Instructional design/WBT risks/Step 1: Identify Potential Project Risks
Instructional Design: Homepage > Identifying WBT Risks > Risky Business > Step 1: Identify > Your Turn - Risk Identification > Step 2: Prioritize > Your Turn - Risk Prioritization > Step 3: Mitigate > Your Turn - Risk Mitigation > The Risk Plan > Lesson Conclusion
Brainstorming Session[edit | edit source]
As you learned in the previous section, the first step in the risk planning process is to identify all potential project risks. Risk identification takes place in the first part of the risk planning meeting via a brainstorming session. As Andrew Stellman and Jennifer Greene explain in Applied Software Project Management, “Brainstorming should be reminiscent of microwave popcorn: a few ideas should ‘pop’ at first, followed by a large number being fired rapidly, slowing down to a final few ‘pops.’” Once the ideas stop “popping,” you will know it’s time to move on to the next step in the risk planning process. During the brainstorming session, someone from the development team should record all of the risks mentioned in the first column of the risk plan. Keep in mind that the goal of the first step is to uncover as many potential risks as possible, therefore, the recorder should document the risks in the order they were shared and not try to prioritize them.
Risks Should Focus on Events[edit | edit source]
Good risks are specific and focused on events. During the brainstorming session, team members may tend to focus on project objectives such as “the final delivery might be delayed” when they need to focus on events that could impact the project objectives. As the Project Manager, make it clear at the start of the brainstorming session that risks should be event-based and as specific as possible.
If team members suggest risks like “the final delivery might be delayed”, ask clarifying questions such as “What could cause the final delivery to be delayed?” until you uncover a specific risk. If the project risks aren’t specific and event-based, it will be difficult (if not impossible) to prioritize them in step 2 and develop effective mitigation strategies in step 3.
Brainstorming Aids[edit | edit source]
If your development team has little experience in risk identification, here are two things you can do to facilitate the brainstorming process.
Revisit Past Projects[edit | edit source]
Similar projects have similar risks. Before the brainstorming session, review relevant documents from past WBT projects such as risk plans and lessons learned. If possible, speak to the Project Manager and ask him/her about the major lessons learned from that specific project. Be prepared to share what you uncover during the brainstorming session. You may be able to reuse many of these risks and they could help your team think of new risks that wouldn’t have been uncovered otherwise.
Consider Different Risk Categories[edit | edit source]
During the brainstorming session, it can be useful to consider potential risks in terms of categories. This encourages everyone involved in risk identification to keep an open mind and to consider a wide range of risks. For WBT projects, you may want to use the following categories to identify risks:
- Technical - Risks in this category relate to technical requirements, technology and tools, usability, performance and reliability, and overall quality issues.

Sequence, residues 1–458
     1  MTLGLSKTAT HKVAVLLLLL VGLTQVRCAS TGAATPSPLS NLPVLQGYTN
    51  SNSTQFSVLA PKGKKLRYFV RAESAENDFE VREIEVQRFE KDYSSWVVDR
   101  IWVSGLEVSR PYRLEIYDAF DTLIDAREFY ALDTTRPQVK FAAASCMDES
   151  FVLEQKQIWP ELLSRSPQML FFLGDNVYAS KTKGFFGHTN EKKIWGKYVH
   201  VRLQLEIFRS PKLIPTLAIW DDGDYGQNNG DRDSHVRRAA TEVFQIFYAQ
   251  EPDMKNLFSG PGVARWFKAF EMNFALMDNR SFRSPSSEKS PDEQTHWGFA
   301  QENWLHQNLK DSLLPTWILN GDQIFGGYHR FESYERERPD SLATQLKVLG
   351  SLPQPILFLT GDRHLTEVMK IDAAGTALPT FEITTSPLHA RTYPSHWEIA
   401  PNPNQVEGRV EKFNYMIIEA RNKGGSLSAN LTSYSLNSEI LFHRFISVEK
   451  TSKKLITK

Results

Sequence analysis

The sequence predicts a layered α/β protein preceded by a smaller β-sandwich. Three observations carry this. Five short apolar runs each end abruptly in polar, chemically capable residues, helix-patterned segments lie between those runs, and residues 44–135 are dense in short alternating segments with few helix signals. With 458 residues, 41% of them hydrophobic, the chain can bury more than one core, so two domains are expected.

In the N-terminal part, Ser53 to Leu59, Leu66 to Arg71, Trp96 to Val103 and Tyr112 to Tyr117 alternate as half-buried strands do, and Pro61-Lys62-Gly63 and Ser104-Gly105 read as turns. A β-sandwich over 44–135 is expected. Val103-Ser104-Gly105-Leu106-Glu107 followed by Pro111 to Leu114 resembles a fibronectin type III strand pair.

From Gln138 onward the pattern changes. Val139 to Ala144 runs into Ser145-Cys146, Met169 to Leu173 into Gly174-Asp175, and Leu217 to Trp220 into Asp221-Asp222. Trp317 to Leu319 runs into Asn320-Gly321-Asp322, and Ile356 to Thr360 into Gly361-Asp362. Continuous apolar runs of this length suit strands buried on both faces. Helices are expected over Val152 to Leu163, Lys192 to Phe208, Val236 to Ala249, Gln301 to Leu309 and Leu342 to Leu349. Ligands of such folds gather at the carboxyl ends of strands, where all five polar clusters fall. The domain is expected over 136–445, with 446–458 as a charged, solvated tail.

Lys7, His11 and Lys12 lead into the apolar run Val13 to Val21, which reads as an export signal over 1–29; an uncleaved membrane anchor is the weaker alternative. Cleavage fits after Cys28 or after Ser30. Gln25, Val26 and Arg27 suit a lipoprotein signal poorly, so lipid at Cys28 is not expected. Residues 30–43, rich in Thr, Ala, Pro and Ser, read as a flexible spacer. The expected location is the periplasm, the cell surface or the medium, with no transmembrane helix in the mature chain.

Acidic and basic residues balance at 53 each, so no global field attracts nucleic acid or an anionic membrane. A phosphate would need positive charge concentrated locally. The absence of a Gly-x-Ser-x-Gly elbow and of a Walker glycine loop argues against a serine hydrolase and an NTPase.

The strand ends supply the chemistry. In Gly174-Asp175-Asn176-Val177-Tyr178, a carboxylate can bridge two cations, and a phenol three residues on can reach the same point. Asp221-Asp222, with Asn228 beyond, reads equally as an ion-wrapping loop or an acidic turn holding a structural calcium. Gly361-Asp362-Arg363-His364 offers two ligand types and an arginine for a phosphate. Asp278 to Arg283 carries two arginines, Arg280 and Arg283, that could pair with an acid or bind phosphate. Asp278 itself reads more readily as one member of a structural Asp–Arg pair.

- External - This would include risks related to subcontractors, the customer, the weather, etc.
- Organizational - This would include risks within your own organization such as resource allocation, funding issues, and prioritization.
- Project Management - This would include risks related to project estimating, planning, controlling, and communicating.
Risk Examples[edit | edit source]
The following table presents examples of specific, event-based risks for each of the four risk categories.
|Disruption of Internet services prevents team from working.||Voice talent gets sick and has to miss recording sessions.||Director of Training Development Group is promoted.||The client requests content changes after the storyboard review.|
|Multimedia Developer's hard drive crashes.||Snow storm prevents participants from attending course pilot.||Key resources are asked to work on a large proposal.||Client does not like the course “look and feel”.|
|Target audience finds the course's user interface confusing.||Course SME is replaced and new SME makes drastic changes to the content.||Senior Instructional Designer is also managing the project.||Development team underestimates the time needed for quality assurance testing.|
|Final WBT course is slow to load in client's LMS.||Subcontractor misses video production deadline.||Multimedia Developer is assigned to three different projects.||Client is extremely busy and does not respond to emails, phone calls, and meeting requests in a timely manner.|
Here are some examples of risks that should be more specific or more focused on events.
|The client rejects the final product.||The course pilot is canceled.||The Multimedia Developer doesn’t complete work on time.||The client rejects the final product.|
Notice that in the second table, “the client rejects the final product” is so vague that it could be either a Technical or Project Management risk. For example, the client may reject the final product because it doesn’t meet key technical requirements (Technical) or because it was delivered three months late (Project Management). The only way to uncover the actual risk is to ask, "What would cause the client to reject the final product?"
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